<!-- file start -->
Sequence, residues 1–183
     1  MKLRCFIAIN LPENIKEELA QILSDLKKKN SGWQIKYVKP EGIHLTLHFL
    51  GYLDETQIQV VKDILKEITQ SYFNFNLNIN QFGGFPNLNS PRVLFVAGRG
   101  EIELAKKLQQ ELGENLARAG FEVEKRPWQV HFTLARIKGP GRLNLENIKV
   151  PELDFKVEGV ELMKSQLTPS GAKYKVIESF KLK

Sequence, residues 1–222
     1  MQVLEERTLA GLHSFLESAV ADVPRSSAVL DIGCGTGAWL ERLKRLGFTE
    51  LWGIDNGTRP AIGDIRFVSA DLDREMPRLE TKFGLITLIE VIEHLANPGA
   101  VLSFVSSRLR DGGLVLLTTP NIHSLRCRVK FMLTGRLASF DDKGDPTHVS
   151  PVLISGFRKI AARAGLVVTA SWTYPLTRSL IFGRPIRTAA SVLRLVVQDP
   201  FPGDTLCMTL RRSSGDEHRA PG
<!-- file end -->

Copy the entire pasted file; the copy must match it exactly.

Sequence, residues 1–183
     1  MKLRCFIAIN LPENIKEELA QILSDLKKKN SGWQIKYVKP EGIHLTLHFL
    51  GYLDETQIQV VKDILKEITQ SYFNFNLNIN QFGGFPNLNS PRVLFVAGRG
   101  EIELAKKLQQ ELGENLARAG FEVEKRPWQV HFTLARIKGP GRLNLENIKV
   151  PELDFKVEGV ELMKSQLTPS GAKYKVIESF KLK

Sequence, residues 1–222
     1  MQVLEERTLA GLHSFLESAV ADVPRSSAVL DIGCGTGAWL ERLKRLGFTE
    51  LWGIDNGTRP AIGDIRFVSA DLDREMPRLE TKFGLITLIE VIEHLANPGA
   101  VLSFVSSRLR DGGLVLLTTP NIHSLRCRVK FMLTGRLASF DDKGDPTHVS
   151  PVLISGFRKI AARAGLVVTA SWTYPLTRSL IFGRPIRTAA SVLRLVVQDP
   201  FPGDTLCMTL RRSSGDEHRA PG